How Do You Help an Underperforming Technician?

Having a technician who is underperforming can impact your business in different ways. For instance, a slower employee can cost you in efficiency and profitability. Similarly, an employee who lacks customer service skills can impact the business by costing you five-star reviews and customer referrals. So, what can you do if one of your techs isn’t up to scratch?

In order to answer that question, we need to define what qualifies as underperformance. There are several elements to a technician’s job. It’s possible to have employees who excel in some elements but underperform in others. parts of a technician’s job that can have a negative effect on the business and therefore be considered underperforming. Your first job as a business owner or manager is to set proper expectations. This means setting goals during the hiring process and at least once, if not twice, per year. Each technician should have goals that contribute to the overall success of the business but can be measured and attributed directly to the technician as an individual. As a starting point, you should set these goals around the following, each of which contributes to the overall efficiency and effectiveness of an MSP:

  1. Process and policies
  2. Tool proficiency
  3. Technical skills
  4. Customer service

Over the rest of this blog, I will focus on each topic above, looking at the things you should measure and some ideas for increasing performance in each.

Processes and policies 

Processes and policies are the foundation of your business operations. The lack of adherence to these can cause confusion, delays, and errors in execution. For technicians, this has a direct influence on the time spent on individual tickets and ultimately increases the “time to resolution” measurement.

A common example is tickets that sit for too long with tier one technicians before being escalated to tier two. You should have a policy that dictates how long a ticket can sit with tier one technicians before they escalate it. Also, you should track escalations to know which tickets/technicians aren’t escalating after the allowed time has passed. Finally, have a training policy to educate tier one techs regularly on items they should escalate to tier two techs so they don’t spend time on them needlessly.

Tool proficiency

MSPs rely on a variety of tools to run their businesses efficiently. Measuring how much time it takes for a technician to do routine tasks like documentation and timekeeping can show where certain employees are lacking. Taking longer can indicate a need for more training on the tools they’re using—which is an easy fix. However, in order to measure they’re performance, you must track these types of activities. This is one of the reasons to make technicians accountable for every minute of their day. Once you measure all of their activity you can find inefficiencies and address them. Make sure to check with your vendors to see if they offer technician training to save you time.

Technical skills 

It can be tricky to measure technical skills. The easiest way to do it is to look at similar types of tickets and average resolution times per tech for each type of ticket. The techs who take longer could use additional training on that particular type of ticket. For example, if technician A always takes longer than technician B to work tickets involving firewalls, get technician B to train technician A on common firewall issues and their resolutions. Better yet, capture that training in a knowledgebase article you can share with the entire team.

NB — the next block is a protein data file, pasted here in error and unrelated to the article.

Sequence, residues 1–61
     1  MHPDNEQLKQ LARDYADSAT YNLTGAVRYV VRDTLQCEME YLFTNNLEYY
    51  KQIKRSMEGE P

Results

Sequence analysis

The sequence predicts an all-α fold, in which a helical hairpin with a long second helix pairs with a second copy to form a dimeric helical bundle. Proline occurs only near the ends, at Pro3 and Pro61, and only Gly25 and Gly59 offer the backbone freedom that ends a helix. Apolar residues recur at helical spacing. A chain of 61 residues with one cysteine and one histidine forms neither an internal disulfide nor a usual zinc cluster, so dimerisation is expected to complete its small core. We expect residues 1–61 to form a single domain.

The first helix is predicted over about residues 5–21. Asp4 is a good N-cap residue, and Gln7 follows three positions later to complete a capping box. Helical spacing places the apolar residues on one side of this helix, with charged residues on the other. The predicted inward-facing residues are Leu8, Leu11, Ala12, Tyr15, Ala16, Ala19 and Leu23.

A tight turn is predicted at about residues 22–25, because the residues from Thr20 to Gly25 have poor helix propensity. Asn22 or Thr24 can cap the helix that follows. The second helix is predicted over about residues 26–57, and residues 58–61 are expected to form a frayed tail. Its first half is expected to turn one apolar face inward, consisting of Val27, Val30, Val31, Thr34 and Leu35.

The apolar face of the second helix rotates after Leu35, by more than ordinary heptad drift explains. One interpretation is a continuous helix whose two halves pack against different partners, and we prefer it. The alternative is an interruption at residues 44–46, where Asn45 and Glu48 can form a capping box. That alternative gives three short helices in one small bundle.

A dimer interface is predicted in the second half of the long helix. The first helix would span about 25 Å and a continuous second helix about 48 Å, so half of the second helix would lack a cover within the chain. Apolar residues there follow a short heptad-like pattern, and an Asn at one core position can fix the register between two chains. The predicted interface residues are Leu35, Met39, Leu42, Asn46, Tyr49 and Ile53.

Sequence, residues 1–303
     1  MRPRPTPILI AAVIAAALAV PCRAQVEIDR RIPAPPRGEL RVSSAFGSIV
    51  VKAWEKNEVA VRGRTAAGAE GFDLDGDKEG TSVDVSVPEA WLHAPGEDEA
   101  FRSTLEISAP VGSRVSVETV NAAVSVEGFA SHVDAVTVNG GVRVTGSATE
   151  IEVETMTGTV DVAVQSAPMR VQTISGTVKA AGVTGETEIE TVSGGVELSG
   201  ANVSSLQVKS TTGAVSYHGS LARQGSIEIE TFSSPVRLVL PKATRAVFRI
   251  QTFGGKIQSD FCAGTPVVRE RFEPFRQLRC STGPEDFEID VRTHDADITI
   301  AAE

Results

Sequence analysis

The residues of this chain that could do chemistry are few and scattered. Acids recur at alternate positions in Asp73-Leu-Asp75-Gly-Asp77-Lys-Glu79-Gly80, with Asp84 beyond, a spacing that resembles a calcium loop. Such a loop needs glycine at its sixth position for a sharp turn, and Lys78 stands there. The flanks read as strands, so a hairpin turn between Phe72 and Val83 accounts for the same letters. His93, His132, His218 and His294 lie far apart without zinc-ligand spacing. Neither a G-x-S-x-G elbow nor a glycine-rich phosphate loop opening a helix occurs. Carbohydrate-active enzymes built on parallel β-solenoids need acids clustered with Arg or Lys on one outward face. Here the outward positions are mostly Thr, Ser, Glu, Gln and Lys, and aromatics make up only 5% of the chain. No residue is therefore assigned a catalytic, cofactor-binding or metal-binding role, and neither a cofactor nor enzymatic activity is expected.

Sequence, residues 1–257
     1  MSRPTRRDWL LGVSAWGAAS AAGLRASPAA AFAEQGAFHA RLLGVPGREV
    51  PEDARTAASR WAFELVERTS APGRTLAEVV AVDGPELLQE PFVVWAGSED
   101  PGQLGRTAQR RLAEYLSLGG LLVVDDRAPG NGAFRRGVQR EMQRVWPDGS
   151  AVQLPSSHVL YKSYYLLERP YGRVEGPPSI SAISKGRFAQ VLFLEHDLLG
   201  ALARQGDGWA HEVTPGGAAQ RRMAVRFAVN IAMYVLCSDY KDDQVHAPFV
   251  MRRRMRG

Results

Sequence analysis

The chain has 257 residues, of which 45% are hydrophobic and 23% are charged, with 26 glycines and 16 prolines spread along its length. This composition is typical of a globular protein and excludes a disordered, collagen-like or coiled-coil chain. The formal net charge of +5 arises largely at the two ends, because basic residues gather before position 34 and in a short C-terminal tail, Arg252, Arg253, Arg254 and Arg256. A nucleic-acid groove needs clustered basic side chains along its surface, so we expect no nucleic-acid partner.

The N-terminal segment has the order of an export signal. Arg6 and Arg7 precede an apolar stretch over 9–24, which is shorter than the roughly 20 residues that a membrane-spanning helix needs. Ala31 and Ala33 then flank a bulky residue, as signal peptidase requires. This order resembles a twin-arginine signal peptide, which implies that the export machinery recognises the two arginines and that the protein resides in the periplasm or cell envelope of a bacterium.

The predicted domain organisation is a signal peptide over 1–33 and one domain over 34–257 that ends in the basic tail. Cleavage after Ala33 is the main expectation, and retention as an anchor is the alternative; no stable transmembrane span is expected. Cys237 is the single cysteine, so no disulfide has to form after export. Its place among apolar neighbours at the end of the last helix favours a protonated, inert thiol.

Customer service

Lastly is customer service. This one can be tricky for two reasons:

  • Technicians are not usually an outgoing bunch
  • Soft skills are often lost on technically inclined people

Chances are your entire team could use some training from your sales team. However, as one of my favorite management professionals, Peter Drucker, says, “you can’t manage what you can’t measure.” Measuring customer satisfaction is important. If you aren’t doing it already, try capturing the net promoter score (NPS) for each closed ticket. NPS is measured by asking one simple question, “how likely is it that you would recommend this company to a friend or colleague?”

This question gauges the overall state of the customer but is heavily influenced by their most recent transaction (ticket).  If you want you can add the words “Based on this latest issue,” to make it more relevant to the ticket at hand. High performing technicians will generate more positive NPS scores while underperformers will be easily identifiable. You can get more detailed in your surveys if you want but be careful not to make them too complicated. Once you’ve identified technicians who could use more training in this area, coach them using online materials or books to help them see the value in better customer service skills.

How do you get technicians to change?

One final note, incentives go a long way to create a spirit of healthy competition around these issues. Focus on one at a time to keep things simple and rotate throughout the year. Ongoing improvement involves a cycle of employee goal setting, weekly one-on-ones, coaching, and feedback.  For more information on one-on-ones, feedback, and coaching, check out

Technicians are simultaneously your most expensive and most valuable resource. They can generate a lot of revenue and profit if used efficiently. They can also cost a lot of money and decrease profits if you don’t utilize them well. It’s up to you, as the owner/manager, to set goals, measure activity, identify issues, and correct underperformers.

Eric Anthony is the Head Operations Nerd at SolarWinds MSP. Before joining SolarWinds, Eric ran his own managed services provider business for over six years.

You can follow Eric on Twitter at @operations_nerd

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